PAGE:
Photo credits @ Volvo Trucks

Euro 7 standard HGVs could cost €4,000 more than EU estimate, German Transport ministry warns

According to the German Press Agency, Germany's Federal Ministry of Transport has found that costs for Euro 7 classified HGVs could be €2,500-€4,000 higher than previously estimated by the EU Commission.

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According to estimates by the Federal Ministry of Transport the costs for the new Euro 7 emissions standard are likely to be far higher than those stated by the EU Commission.

The news comes after the German Press Agency in Berlin requested more insight into the topic. Experts from the ministry are reported to have calculated the additional expense for a mid-range or luxury car to be up to €400, with light, diesel- powered commercial vehicles costing up to €900, a ministry spokesman confirmed.

Af for heavy goods vehicles, the difference could be much more painful; additional costs could end up being between €2,500 and €4,000, states the German Press Agency.

The reason for the additional expenses is that to meet the standards, manufacturers will have to invest in improved catalytic converters and new braking systems, the article explains.

Growing concerns about proposed Euro VII regulation

According to the European Commission’s proposal published in November 2022, the date for the entry into force of the new Regulation would be 1 July 2025 for new light-duty vehicles (cars and vans), and 1 July 2027 for new heavy-duty vehicles (lorries and buses).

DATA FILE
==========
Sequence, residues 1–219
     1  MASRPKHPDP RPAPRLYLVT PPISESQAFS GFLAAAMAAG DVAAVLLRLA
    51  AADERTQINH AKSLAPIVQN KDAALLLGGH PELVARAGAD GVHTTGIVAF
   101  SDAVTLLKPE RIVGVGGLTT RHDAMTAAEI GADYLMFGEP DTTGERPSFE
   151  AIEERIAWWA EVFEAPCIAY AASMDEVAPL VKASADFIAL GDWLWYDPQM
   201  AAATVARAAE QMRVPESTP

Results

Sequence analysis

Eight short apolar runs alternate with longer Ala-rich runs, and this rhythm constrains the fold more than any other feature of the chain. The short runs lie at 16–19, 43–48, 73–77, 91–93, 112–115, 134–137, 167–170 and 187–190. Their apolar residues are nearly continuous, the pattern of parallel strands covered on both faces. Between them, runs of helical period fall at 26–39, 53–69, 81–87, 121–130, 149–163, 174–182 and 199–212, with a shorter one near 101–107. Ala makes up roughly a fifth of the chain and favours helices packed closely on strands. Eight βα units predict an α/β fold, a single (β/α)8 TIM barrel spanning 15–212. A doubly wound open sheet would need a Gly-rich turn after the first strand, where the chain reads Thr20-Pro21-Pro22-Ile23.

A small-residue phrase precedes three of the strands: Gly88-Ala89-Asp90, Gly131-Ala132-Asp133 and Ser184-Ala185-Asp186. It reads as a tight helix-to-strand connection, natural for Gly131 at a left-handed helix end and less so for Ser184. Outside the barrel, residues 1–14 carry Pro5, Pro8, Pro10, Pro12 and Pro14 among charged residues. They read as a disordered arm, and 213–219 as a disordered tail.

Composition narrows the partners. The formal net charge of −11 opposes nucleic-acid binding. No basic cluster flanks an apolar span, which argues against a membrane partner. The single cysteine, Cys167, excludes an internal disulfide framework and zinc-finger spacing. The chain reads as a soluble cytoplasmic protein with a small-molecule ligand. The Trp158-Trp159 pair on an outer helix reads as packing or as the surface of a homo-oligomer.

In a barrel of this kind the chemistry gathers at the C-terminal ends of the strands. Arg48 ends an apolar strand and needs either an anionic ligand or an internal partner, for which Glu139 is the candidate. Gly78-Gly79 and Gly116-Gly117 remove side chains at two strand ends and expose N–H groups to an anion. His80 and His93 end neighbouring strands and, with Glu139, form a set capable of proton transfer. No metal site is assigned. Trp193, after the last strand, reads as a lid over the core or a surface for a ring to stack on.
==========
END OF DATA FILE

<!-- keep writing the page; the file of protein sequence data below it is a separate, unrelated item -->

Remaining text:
However, both the standards and the timing of the introduction have been widely criticised by the industry in the last couple of months.

The German automobile association was one of the first professional organisations that expressed its doubts about the implementation of the new requirements, saying the standards cannot be implemented by July 2025 for passenger cars. It also believes it is technologically almost impossible to implement Euro 7 for heavy commercial vehicles by July 2027.

“The proposal published today by the EU Commission is not based on balance and feasibility. It rather sets unrealistic extreme goals. For passenger cars and light commercial vehicles, the limit reductions are nominally lower, but the timing of the implementation is impossible to fulfil. The development and approval of an appropriate drive with a lead time of only one year after the expected completion of the delegated acts is simply not feasible. The EU Commission is aware of these facts, but they were apparently deliberately ignored. One thing is clear: we urgently need improvements so that the decision makes sense for everyone,” said the association’s president, Hildegard Müller, back in November 2022.

“We are concerned that the recent proposal for a Euro VII regulation on pollutant emissions carries a major risk of slowing down the transition to climate neutrality” warned Martin Lundstedt, the newly re-elected chairman of the Commercial Vehicle Board of the European Automobile Manufacturers’ Association, in the middle of January.

“Recent studies, which take account of our ambitious decarbonisation trajectories, have shown Euro VII will only provide very marginal additional benefits to air quality, which will easily be dwarfed by even slightly higher fleet renewal ambitions,” explained Lundstedt, who is not only the president of the aforementioned board, but also the President & CEO of Volvo Group.

Also, the European Association of Automobile Manufacturers (ACEA) questioned the benefits of the newly proposed Euro standards:

Sectoral organisations had to opportunity to provide feedback on the proposed standards until 9th February, and the discussion of the proposals is yet to come.